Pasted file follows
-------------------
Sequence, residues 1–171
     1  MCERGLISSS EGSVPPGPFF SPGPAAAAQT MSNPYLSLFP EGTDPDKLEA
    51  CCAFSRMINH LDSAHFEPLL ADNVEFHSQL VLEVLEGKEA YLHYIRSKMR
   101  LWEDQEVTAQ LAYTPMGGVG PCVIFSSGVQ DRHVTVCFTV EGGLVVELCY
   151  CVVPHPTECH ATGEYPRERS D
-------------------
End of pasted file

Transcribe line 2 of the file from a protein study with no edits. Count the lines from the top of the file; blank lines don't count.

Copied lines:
     1  MCERGLISSS EGSVPPGPFF SPGPAAAAQT MSNPYLSLFP EGTDPDKLEA